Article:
I finally caved on a proper calligraphy pen.
The Pilot Parallel was the obvious choice. Like many of Pilot’s beginner fountain pens, the Parallel is very affordable at just eight dollars. There are four sizes available, the 1.5mm, 2.4mm, 3.8mm, and the gigantic 6.0mm, and each pen comes with two ink cartridges, a “converter” cleaner, a nib cleaning thingamajig, and a nice information sheet about the pen and calligraphy in general.
I went for the 3.8mm partially because, after using the Pilot Plumix, I wanted a pen that was really obviously intended for calligraphy purposes. None of this medium italic nib that can still be used for normal writing stuff! I want a big nib! But 6.0mm seemed monstrous, so I went a size down. (The other partial reason is that the 3.8mm is the green one, and green is my favourite color.)
Getting a proper calligraphy pen was a plunge off the deep end though, lemme tell ya what. (omg, this review is 1500+ words long. How. WHY.)
I’ve basically not set the pen down since I got it.
I went through five ink cartridges the first week. Five! A little over two weeks later, I’ve lost track of the refills, but I’ve filled up an entire 40 page sketchbook and have a huge stack of loose sheets all filled with nothing but calligraphy doodles.
I’m a complete newb at calligraphy, but I think one of the reasons I went completely nuts with this pen is because the included info sheet is actually really, really useful. It describes the pen’s various features, including the ability to gradate inks if you’ve got two pens, but the two-sided sheet also includes everything you need in a crash course for calligraphy.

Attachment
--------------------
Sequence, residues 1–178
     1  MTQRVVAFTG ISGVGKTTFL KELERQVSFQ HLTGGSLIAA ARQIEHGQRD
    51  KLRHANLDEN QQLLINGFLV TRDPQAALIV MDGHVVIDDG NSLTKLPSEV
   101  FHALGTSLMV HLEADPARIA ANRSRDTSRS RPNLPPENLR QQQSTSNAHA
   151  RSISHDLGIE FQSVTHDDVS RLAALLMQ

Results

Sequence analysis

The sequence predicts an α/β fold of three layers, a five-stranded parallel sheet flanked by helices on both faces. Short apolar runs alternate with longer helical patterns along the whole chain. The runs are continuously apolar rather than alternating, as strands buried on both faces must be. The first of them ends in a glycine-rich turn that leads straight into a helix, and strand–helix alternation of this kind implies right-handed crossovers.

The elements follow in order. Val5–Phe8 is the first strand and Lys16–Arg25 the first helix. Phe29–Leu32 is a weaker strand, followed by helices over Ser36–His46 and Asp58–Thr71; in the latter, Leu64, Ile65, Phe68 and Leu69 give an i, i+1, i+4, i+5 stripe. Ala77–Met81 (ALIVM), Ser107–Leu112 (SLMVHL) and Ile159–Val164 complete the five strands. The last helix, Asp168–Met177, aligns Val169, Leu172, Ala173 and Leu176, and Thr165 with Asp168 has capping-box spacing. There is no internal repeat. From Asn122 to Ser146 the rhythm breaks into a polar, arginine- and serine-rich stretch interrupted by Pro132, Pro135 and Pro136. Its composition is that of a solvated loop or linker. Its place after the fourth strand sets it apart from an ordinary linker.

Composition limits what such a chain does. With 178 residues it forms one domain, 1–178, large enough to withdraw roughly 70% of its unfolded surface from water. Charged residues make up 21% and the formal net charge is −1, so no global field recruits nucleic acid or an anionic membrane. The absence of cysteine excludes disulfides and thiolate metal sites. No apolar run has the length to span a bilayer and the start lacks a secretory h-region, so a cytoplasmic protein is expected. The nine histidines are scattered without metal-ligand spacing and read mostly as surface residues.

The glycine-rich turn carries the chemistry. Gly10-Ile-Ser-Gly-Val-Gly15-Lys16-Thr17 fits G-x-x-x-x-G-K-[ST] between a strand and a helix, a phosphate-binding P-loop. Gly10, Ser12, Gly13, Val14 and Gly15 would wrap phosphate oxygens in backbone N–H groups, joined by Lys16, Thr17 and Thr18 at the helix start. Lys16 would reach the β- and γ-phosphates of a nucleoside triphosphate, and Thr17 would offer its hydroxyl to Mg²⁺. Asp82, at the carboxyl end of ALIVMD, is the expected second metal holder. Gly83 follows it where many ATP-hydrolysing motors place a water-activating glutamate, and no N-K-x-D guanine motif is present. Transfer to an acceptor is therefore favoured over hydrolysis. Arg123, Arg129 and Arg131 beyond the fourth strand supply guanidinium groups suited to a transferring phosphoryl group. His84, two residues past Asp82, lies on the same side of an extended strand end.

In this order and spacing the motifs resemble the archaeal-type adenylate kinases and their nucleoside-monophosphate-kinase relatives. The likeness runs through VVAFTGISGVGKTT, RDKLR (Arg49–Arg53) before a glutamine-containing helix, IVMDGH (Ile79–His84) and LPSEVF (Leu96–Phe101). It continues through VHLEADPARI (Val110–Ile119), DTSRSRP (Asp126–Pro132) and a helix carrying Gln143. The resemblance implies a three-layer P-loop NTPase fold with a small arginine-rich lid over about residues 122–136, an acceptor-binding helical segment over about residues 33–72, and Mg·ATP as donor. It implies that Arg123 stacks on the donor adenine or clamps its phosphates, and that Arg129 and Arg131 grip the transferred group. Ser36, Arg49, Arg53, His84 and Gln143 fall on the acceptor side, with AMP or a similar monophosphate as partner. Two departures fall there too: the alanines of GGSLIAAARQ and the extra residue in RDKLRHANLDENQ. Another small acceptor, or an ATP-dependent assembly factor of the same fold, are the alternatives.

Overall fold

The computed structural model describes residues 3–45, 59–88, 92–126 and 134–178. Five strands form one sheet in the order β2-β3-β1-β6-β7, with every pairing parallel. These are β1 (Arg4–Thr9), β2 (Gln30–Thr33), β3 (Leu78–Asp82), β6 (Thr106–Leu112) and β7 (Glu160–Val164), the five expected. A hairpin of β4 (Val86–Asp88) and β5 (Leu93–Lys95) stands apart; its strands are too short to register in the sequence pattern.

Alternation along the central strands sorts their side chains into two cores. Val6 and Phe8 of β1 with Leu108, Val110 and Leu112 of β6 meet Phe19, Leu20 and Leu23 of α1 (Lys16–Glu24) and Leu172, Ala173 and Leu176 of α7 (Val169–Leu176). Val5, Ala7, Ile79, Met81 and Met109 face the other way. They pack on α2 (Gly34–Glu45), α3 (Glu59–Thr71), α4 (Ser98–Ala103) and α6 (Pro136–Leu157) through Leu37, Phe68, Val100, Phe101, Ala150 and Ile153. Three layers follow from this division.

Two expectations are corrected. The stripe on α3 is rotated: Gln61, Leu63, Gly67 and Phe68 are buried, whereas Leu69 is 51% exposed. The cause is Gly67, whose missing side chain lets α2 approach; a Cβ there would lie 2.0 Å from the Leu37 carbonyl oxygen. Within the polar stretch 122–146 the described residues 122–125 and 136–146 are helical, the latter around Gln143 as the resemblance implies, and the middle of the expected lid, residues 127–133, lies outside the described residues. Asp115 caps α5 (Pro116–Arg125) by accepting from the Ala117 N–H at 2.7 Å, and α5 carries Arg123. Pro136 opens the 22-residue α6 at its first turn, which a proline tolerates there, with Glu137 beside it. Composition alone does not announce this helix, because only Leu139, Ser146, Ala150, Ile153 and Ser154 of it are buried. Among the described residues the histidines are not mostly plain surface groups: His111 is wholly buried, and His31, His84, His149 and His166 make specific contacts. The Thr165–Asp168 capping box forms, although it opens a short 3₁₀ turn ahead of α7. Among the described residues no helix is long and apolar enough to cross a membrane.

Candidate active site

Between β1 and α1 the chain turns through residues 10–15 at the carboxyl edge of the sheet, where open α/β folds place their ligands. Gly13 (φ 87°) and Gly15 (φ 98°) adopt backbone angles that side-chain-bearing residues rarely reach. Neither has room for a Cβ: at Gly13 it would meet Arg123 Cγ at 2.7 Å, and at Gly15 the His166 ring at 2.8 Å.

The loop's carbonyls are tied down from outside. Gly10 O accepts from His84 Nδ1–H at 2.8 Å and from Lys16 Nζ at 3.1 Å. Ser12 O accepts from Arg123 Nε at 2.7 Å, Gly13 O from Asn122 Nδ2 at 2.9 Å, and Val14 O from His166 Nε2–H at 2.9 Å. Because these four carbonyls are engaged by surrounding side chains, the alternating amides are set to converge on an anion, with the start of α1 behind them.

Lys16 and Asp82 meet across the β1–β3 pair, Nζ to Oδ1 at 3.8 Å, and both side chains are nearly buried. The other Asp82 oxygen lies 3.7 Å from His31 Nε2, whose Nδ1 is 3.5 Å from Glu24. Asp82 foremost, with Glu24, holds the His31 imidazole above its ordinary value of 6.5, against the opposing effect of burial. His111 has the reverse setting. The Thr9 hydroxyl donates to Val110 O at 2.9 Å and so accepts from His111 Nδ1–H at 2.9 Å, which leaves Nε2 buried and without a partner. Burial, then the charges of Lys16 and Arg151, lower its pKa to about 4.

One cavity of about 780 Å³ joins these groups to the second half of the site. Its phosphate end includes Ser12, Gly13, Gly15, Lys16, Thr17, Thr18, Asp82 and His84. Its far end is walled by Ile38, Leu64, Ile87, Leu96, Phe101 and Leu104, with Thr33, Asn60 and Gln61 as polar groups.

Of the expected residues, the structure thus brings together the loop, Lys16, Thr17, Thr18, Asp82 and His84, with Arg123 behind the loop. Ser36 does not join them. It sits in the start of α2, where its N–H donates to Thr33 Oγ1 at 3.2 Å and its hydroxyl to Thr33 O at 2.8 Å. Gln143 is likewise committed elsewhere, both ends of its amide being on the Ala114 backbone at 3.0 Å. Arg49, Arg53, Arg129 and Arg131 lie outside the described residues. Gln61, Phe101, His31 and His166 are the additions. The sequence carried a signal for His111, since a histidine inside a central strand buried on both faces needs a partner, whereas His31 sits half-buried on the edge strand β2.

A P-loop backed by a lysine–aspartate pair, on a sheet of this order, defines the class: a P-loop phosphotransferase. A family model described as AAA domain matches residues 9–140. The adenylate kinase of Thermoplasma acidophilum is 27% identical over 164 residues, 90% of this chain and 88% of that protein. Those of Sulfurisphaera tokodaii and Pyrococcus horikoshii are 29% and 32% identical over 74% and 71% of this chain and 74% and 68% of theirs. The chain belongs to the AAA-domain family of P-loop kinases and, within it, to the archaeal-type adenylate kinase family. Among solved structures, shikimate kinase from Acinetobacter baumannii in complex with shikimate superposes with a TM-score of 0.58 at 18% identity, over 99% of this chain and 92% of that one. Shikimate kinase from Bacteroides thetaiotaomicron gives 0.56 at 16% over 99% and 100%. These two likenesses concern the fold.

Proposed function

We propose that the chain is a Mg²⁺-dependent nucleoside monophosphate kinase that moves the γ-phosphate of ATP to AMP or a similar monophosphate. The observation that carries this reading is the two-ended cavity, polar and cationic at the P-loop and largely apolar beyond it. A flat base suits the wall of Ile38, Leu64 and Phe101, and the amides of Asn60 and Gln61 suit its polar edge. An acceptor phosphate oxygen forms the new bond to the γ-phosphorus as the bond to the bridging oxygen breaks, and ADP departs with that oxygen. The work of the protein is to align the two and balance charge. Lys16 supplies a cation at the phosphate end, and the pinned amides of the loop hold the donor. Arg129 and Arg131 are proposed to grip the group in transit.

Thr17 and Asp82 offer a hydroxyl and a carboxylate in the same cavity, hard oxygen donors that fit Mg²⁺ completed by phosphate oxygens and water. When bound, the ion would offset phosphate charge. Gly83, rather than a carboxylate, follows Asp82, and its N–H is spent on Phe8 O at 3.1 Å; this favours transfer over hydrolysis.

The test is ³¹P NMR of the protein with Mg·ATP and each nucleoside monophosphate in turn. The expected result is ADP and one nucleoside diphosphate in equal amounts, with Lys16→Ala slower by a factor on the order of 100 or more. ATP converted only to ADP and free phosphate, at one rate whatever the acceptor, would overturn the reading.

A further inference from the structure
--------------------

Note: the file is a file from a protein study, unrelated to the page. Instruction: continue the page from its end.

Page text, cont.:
In particular, stroke-by-stroke references for how to form letters in italic, Roman, and Gothic styles were fantastic to have. I was surprised at how easy and intuitive it was to form some of the letters, so off I went on a crazy calligraphic rampage.
For the most part, the pen performs perfectly.
The ink flows very generously, ensuring very saturated and rich letters when you’re writing with the whole nib. It’s a lot rougher though, when you’re doing small, thin, decorative strokes with the corner of the nib. In those instances, the Parallel is pretty random about when it wants to drop ink, and there were a lot of times where I was scratching up my paper for a while trying to add decorative doodads to my letters before the ink finally flowed again. The effect is kind of charming when you’re straight-up doing letters with the nib corner, but for decorative marks, it’s pretty frustrating.
The nib of the pen is two parallel plates squished together with ink flowing between them, hence the pen’s name. I don’t know anything about calligraphy nibs, but I do think that this design helps minimize ink splotches. The Parallel is well-marked with the size — it’s on the end of the cap and on…whatever that part is called that’s between the nib and the cartridge. Most of the pen body is grey, but there’s a small demonstrator section where you can see the bottom third of the ink cartridge. Helpful, though to be honest I’m really not used to checking ink levels and am usually caught my surprise when I run out of ink. On the other hand, I’ve gone through so many ink cartridges in the Parallel that I can almost guess about when they’ll run out now…
Paper will get caught between the nib plates if you’re rough with the nib and/or using rough paper. I haven’t had too much of an issue since I got the hang of the nib, but if paper does get stuck in there, the nib cleaner thingy the pen comes with is basically a thin piece of plastic that you can wedge in between the nib plates. You’re basically flossing your nib? Super basic, but it gets the job done, and it’s neat that it’s included.